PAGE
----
Presented with this information, ninety-five percent of black voters would still go for Obama and the Democrats. Bush is blame, you know, and statistics that show Obama failures are racist.

Posted by: Woody | Dec 15, 2014 7:53:40 AM

The Great Recession, fueled by the exporting of our manufacturing sector and the abandonment of the production role, is not over and won't be over for a long time.

When all the pundits were touting NAFTA and other redistribution agreements, they promised us prosperity, jobs, and massive exports. Now that their promises have fallen through, they're reduced to "cooling the mark," i.e., placating the victims of their con game.

Economic growth isn't likely now, because there's nothing left here to grow. Our factories, jobs, and productive capital are in other countries, growing there. We produce little, we consume much, and we borrow to cover the difference.

Our economy is dominated by an externality : we have a "produce in China, sell in the West" policy (as Pravda labeled it). That's good for corporations' profits, and it's good for the consumer's access to cheap goods. But it crushes the middle class, would-be factory workers, and the economy at large.

Posted by: Larry E | Dec 15, 2014 7:43:25 AM

And so the progressive project progresses, as it has always done.

Posted by: Mikesixes | Dec 15, 2014 7:25:08 AM

Since money is blind to skin color, instead of being so quick to blame race, it would be far more productive to look at personal behavior. I see one comment that states “Federal Reserve policies to inflate asset prices (real estate, stock market) have likely disproportionately benefited affluent whites.” This tacit admission that our own government has inflated the value of assets that tend to held, not by Caucasians and Asians, but by people who tend to follow the proven habits of successful people, one of which is to save for the future. One such person is Oprah,who plowed her income into her own media empire. She is one of the most wealthy women in America.

This distinction starts early in life. My wife, who works with young women, sees a lot of expensive shoes, jeans and smartphones being owned by youth who have almost no money. These people will grow up to consume their incomes rather than to invest it. Their self-selection has nothing to do with what color their skin is.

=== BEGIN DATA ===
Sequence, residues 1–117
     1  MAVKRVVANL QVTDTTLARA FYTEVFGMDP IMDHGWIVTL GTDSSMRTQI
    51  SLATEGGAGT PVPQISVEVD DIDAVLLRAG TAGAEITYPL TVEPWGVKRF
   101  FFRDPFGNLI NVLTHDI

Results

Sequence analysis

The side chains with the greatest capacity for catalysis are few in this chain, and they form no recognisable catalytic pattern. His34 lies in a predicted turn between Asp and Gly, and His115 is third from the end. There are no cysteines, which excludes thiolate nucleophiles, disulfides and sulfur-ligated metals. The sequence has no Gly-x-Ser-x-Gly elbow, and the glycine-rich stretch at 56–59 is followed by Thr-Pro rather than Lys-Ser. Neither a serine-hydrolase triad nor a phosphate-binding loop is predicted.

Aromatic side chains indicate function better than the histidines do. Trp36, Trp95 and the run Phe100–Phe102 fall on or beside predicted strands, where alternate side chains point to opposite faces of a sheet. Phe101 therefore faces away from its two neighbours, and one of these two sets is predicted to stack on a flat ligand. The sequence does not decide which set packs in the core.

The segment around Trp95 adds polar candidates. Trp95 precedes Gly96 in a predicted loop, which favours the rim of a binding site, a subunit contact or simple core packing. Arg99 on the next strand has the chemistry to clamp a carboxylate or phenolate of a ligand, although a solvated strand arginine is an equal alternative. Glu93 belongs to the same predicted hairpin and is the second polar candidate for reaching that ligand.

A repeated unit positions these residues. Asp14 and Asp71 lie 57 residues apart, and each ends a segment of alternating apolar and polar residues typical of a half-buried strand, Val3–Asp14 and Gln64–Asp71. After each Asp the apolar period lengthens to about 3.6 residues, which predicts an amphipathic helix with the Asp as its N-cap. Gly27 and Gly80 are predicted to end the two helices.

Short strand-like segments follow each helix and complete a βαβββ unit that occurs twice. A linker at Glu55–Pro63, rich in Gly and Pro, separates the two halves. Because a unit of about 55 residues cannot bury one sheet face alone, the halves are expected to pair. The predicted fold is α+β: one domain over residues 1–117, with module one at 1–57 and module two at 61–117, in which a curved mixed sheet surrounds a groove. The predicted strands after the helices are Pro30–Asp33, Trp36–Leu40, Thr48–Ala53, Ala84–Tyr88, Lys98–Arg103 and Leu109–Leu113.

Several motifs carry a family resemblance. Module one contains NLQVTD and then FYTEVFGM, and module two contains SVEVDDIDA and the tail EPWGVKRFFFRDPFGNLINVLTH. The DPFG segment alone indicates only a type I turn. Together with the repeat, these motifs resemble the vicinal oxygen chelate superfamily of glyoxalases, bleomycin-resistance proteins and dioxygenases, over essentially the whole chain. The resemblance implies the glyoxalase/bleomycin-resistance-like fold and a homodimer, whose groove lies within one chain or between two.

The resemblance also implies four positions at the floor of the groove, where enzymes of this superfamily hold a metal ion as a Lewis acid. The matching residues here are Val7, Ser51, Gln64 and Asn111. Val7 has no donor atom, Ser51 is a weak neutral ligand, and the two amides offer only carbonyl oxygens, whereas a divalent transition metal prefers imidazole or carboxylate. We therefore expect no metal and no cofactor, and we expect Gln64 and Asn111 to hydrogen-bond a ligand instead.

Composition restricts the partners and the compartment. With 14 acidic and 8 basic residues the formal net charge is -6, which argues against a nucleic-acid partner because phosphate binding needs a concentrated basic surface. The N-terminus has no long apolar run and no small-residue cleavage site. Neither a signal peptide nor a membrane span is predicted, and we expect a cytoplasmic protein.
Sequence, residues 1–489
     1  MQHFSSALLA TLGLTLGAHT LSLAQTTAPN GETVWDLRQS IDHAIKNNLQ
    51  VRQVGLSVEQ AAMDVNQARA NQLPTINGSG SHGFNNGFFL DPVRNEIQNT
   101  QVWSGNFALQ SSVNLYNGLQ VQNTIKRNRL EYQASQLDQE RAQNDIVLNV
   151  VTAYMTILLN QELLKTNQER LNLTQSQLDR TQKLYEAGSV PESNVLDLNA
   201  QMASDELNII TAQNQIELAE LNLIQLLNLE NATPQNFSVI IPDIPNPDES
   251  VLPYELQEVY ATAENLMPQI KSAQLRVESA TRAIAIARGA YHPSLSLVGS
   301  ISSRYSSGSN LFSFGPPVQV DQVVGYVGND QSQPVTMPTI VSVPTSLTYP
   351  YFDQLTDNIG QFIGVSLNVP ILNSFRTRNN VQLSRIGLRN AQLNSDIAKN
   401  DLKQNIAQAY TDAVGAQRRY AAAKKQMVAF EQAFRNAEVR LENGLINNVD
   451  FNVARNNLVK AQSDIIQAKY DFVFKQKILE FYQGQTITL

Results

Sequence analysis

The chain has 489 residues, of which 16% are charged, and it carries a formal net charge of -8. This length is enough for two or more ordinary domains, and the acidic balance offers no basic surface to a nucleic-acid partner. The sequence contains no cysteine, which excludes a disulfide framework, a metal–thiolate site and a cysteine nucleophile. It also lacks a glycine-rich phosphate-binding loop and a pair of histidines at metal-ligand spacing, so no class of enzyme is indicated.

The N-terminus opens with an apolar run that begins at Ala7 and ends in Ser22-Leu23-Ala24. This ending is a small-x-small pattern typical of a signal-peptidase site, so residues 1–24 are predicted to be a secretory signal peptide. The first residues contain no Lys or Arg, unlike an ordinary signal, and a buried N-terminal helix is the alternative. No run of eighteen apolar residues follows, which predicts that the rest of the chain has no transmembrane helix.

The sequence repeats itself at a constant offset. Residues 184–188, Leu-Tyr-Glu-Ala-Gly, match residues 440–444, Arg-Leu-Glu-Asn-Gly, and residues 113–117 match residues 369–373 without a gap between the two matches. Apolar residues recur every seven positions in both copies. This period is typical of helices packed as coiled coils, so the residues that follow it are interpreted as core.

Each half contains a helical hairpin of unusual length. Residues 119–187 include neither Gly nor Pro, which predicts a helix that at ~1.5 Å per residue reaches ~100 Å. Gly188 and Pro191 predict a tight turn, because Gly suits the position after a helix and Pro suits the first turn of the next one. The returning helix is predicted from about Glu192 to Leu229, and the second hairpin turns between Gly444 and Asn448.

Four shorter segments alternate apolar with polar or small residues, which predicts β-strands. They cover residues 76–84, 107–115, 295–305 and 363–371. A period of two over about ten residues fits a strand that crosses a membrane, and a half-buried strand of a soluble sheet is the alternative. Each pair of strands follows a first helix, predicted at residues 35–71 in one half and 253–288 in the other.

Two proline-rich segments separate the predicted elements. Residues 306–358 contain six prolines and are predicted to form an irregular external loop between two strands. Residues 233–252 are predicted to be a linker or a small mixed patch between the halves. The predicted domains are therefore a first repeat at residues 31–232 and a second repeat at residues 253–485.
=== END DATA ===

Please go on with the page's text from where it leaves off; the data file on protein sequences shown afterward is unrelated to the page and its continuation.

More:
The hidden elephant in the room is that we give the Federal Reserve a pass on the social effects of their policies. There wouldn't be any assets that are disproportionately inflated in value where it not for deliberate government policy.

Posted by: theBuckWheat | Dec 15, 2014 7:05:44 AM

I'm no socialist, but this isn't going to end well.

The economy doesn't need large percentage of the population for labor.

Companies aren't designed to create employment for carbon based life forms (labor). Companies are designed to make money for capital investors.

The gap will continue to widen and this will lead to social unrest.

I'm not very hopeful.

Posted by: terry malloy | Dec 15, 2014 6:48:34 AM

All we hear about are a couple random officer shootings while the media is silent on this. I've realized it is a bargain that most American's are all too happy to make.

Posted by: JM | Dec 15, 2014 6:30:38 AM

Federal Reserve policies to inflate asset prices (real estate, stock market) have likely disproportionately benefited affluent whites. It is interesting that the last time the gap was large was in 1989, just before a stock market crash. Also, I would be interested to have a breakdown not by race but by class (a la Joel Kotkin.) I suspect there is a white underclass who has been completely left behind thanks to the current policy's toxic mix of stagnating wage growth and rising asset prices (in which they do not participate.) Showing only racial differences may tell only part of the story. Thanks.

Posted by: Ralph | Dec 15, 2014 6:29:30 AM